A. A. Gill (1954-2016) was born in Edinburgh. He was the TV and restaurant critic and regular features-writer for the Sunday Times, a columnist for Esquire and contributor to Australian Gourmet Traveller. He was the author of A. A. Gill is Away, The Angry Island, Previous Convictions, Table Talk, Paper View, A. A. Gill is Further Away and The Golden Door, as well as two novels and the memoir Pour Me, which was shortlisted for the 2016 PEN Ackerley Prize. Lines in the Sand, a collection of his journalism in recent years, will be published in 2017.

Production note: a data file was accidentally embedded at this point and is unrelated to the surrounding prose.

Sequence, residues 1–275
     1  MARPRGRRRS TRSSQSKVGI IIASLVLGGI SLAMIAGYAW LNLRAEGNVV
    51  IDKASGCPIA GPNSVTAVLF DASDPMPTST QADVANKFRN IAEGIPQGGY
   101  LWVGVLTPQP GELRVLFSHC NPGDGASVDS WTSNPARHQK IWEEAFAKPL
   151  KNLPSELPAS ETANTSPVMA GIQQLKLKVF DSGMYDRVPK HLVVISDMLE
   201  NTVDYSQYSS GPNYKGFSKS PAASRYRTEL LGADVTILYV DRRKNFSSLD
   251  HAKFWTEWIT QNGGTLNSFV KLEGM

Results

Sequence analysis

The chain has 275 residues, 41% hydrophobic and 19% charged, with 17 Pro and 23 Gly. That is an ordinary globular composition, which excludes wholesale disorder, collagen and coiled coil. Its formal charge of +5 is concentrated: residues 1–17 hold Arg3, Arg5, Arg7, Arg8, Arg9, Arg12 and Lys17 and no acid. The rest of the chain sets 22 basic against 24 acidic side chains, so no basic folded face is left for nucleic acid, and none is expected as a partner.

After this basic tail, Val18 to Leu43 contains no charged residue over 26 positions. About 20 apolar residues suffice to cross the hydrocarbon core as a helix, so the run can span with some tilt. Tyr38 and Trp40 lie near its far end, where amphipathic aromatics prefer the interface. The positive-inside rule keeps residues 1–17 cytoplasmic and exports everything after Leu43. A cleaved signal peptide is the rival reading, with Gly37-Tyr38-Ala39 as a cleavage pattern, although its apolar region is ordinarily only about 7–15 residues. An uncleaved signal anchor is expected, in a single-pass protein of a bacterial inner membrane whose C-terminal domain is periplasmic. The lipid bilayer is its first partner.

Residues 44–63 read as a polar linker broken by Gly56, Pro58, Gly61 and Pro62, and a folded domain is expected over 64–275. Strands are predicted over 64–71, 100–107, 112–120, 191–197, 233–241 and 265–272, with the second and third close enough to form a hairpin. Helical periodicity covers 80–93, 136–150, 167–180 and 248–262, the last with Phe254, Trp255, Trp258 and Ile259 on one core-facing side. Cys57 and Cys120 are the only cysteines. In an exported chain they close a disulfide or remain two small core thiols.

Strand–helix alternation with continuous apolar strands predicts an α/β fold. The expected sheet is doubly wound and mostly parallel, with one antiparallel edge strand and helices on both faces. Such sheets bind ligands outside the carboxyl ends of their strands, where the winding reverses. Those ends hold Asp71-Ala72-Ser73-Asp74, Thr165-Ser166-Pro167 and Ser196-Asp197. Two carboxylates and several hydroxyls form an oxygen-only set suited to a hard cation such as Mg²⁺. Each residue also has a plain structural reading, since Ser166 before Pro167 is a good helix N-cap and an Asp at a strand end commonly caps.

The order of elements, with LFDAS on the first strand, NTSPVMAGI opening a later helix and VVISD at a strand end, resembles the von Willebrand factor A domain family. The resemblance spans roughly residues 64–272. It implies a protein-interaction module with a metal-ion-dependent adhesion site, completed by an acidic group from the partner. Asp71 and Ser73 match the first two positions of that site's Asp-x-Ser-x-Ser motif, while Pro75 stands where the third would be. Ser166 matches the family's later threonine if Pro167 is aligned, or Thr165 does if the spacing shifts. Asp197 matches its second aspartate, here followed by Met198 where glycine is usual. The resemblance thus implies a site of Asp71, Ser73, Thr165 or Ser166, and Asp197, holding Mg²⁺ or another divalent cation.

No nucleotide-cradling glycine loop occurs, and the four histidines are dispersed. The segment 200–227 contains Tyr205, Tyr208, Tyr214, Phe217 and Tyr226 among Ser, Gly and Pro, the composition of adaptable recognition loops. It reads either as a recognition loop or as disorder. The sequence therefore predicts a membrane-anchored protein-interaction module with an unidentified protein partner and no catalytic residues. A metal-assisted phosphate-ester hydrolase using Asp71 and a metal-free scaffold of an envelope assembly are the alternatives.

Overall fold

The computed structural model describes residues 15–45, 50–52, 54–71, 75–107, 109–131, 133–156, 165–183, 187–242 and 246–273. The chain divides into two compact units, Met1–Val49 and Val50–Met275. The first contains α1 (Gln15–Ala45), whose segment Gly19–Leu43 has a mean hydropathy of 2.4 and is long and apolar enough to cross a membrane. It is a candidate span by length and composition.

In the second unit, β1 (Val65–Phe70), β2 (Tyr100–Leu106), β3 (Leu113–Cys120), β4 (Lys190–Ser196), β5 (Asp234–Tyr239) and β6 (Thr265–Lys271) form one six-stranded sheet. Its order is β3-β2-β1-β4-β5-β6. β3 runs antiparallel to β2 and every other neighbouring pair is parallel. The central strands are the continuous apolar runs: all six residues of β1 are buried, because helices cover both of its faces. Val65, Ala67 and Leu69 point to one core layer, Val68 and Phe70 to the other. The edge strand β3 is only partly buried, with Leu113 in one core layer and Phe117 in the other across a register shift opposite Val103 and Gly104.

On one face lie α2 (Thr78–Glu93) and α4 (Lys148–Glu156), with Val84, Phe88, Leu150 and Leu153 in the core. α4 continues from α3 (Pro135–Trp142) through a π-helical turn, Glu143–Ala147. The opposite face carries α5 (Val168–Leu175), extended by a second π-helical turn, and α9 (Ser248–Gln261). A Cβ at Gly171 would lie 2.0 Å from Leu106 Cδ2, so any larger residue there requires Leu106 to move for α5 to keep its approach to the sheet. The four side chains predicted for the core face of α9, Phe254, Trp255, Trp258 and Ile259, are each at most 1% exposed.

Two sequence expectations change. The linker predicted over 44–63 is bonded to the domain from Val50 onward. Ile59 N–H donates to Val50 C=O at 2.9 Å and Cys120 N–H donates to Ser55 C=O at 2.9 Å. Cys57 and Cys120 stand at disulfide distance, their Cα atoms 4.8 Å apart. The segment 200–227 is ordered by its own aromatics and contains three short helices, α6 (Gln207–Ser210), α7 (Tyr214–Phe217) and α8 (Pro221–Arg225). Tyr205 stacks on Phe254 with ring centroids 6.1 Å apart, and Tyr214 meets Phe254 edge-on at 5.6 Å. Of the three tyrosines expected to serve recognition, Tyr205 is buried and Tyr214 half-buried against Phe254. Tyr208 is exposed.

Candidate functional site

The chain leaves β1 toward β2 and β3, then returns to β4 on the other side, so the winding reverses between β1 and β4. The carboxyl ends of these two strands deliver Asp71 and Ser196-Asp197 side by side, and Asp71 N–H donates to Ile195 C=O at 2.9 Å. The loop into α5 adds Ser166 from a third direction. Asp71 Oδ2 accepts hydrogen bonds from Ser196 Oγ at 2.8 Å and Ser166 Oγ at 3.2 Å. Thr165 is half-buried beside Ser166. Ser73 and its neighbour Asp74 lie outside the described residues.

Few writers could compete with the late, great A. A. Gill. Lap up his wonderful wit, merciless excoriations and lyrical musings in this collection of his very best journalism, covering everything from eating turtle to Iraq, dyslexia and Good Morning Britain * Evening Standard * [Gill] is breathtakingly rude, sharply perceptive and brilliantly funny all at once. But it isn't all frothing invective. Gill's travel writing ... is gripping and moving in equal measure ... Gill's vivid reporting transports you right into the centre of wherever he is and will not let you go ... [A] must-read collection of brilliant writing -- Mernie Gilmore * DAILY EXPRESS * Anyone who writes of a restaurant visit that "it was like eating in an underpass at the end of the world", certainly had something and The Best of A. A. Gill is the pick of the late writer's uniformly excellent journalism, ranging across food, television, travel and family * Choice * Everything by A. A. Gill was dictated down the phone to obliging assistants, who found him "charming and hilarious", according to Celia Hayley, editor of this posthumous collection of articles ... The fact the text was spoken aloud, performed for an audience, gives the prose its distinctive baroque theatrical flourish. Gill was like a fruity actor, preening and posturing in the limelight, or as he'd have put it, "yearning and longing, exclaiming and declaiming, biding and abiding". His brain was like a thesaurus, so Gill didn't so much construct sentences as compose lists ... The spirits always rose when you opened a paper with him in it, as his affectations and provocations were a tonic. How bland everyone else is in comparison ... Gill's peacockery is much missed, much needed. "That's rather good, isn't it?" he'd chortle to his copytaker, modesty never in his armoury. Indeed, much of it was -- Roger Lewis * The Times Book of the Week * I can't think of a writer whose style so exactly replicated their conversation as A. A. Gill. Reading his weekly dispatches was just like being with him in person, which is why so many readers took his death late last year very personally. People - even people who had never met him - felt they'd lost their funniest, most outrageous chum. Opening a paper without an article by him is like going to your store cupboard and finding that there's no chilli or salt: everything is blander without him. Two collections which came out this year, Lines in the Sand and The Best of A A. Gill, showcase him at his finest. Adrian showed incredible courage, wit and generosity of heart during his final weeks. Once my husband, always my friend, he is irreplaceable, on and off the page -- Cressida Connolly * The Spectator Books of the Year *